Mastercard will force companies to tell subscribers when free trials end under new service that could help millions of consumers
- Citizens Advice say 2m Britons struggle to cancel subscription services
- New service will require consent before users can be billed once trials finish
- Will also require merchants to send a receipt for every payment made with clear instructions on how to cancel the service
Companies using free trials to rope customers into paying subscription fees face a crackdown under new rules announced by one of the world’s biggest payment providers.
Changes made by Mastercard will require merchants to notify and get the approval of customers when their free trials end before they start billing them.
They will also have to send the cardholder an email or text telling them how much they will have to pay and when they have to pay it, along with explicit instructions on how to cancel a trial.
Customers who sign up for free trials of subscription services will be notified before they start paying any charges under new proposals that will be introduced by Mastercard later this year
The service could launch in Britain as early as March this year, and also requires merchants to send a receipt for every payment made with clear instructions on how to cancel the service.
According to Citizens Advice, 16.8million adults sign up to subscription services, and 2million of those subsequently struggle to cancel their payments.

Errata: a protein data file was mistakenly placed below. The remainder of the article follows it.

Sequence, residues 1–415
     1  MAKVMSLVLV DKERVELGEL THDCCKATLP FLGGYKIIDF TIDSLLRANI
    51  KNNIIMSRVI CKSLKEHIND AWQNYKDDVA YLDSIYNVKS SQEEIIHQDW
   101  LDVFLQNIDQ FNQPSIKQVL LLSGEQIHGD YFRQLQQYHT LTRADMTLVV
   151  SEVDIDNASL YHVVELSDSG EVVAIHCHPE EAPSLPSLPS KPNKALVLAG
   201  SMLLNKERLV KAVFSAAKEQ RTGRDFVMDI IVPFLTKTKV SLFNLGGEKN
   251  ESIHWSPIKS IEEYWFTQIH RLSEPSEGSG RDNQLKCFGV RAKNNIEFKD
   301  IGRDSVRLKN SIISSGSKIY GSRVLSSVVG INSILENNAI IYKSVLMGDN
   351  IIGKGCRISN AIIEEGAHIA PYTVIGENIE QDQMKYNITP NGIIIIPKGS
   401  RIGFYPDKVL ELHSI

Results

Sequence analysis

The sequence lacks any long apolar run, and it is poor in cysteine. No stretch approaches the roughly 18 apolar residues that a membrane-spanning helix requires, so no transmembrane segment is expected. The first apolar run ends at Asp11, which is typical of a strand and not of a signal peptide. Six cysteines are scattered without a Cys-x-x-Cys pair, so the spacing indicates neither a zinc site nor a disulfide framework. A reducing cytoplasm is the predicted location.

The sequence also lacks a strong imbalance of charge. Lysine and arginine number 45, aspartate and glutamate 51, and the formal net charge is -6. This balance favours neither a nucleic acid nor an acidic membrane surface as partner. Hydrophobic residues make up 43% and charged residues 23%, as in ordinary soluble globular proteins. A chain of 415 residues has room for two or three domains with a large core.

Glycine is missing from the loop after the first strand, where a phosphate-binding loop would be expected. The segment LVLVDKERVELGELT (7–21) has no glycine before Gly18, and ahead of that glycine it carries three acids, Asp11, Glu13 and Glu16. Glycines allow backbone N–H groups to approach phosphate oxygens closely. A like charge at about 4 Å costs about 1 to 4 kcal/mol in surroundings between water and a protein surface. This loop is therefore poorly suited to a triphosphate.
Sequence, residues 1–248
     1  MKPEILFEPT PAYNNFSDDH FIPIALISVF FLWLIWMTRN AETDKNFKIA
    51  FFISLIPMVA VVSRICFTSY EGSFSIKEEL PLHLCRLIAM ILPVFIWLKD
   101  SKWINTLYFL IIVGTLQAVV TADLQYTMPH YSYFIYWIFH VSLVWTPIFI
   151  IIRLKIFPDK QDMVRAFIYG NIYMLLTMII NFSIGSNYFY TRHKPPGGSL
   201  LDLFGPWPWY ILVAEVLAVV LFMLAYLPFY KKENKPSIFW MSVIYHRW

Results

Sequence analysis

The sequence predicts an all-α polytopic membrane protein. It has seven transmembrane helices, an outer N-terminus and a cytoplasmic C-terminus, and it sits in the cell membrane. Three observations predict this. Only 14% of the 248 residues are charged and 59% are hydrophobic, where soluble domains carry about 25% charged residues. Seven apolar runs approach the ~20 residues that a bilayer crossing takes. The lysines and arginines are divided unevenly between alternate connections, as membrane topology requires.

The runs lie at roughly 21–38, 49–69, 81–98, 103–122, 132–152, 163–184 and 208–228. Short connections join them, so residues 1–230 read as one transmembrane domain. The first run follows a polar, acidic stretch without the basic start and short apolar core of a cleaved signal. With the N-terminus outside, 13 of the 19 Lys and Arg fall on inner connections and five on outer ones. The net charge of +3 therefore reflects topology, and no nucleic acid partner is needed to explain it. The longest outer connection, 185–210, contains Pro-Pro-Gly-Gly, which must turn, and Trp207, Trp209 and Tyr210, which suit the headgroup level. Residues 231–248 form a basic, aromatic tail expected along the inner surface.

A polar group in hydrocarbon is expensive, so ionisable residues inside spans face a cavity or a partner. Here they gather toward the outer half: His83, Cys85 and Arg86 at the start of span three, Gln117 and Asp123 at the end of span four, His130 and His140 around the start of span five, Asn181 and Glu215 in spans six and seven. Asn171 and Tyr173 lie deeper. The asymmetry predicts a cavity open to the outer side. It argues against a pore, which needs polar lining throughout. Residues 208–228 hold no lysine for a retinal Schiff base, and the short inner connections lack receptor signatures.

The charity said consumers were wasting an average of £640 a year on unwanted subscriptions.
Chancellor Philip Hammond took aim at these ‘misleading’ practices in the 2017 Budget.
Paul Petta, Mastercard’s chief franchise officer, said: ‘For some consumers, a free-trial is a great way to test out a new product and get comfortable with it before making a purchasing decision.
‘And with so many merchants offering them, free trials are becoming the new norm.
‘However, sometimes a free trial can unwittingly turn into a recurring subscription that is difficult to cancel.
‘These situations can be frustrating and costly for both consumers and their banks.
‘The new rules will help in increase transparency and ensure an outstanding experience for cardholders.’
The card provider has 600million customers worldwide.
While savvy consumers can use trials to try something for free before having to commit, it is easy forget to cancel the deal before the promotion ends, and most companies won’t remind users before their first payment is taken.
Free trials are frequently offered by video and music streaming services, gyms, and online firms offering free deliveries for a limited time.
It can cost households hundreds before they spot these transactions on their bank statement, with payments slipping under the radar particularly easily if money is taken infrequently or the amount is fairly small.
Andrew Hagger, of financial information site Moneycomms, said: ‘This is excellent news for consumers and great that MasterCard is grasping the nettle and looking to stamp out this shady practice.
‘The requirement that merchants must gain customer consent at the end of the trial and before they start billing is a really positive move and something that’s long overdue.
‘We want people to have the confidence to transact online and try before they buy so this enhancement in the process should stamp out those frustrating incidents when people are billed without realising it and then have a battle to try and recoup their money.’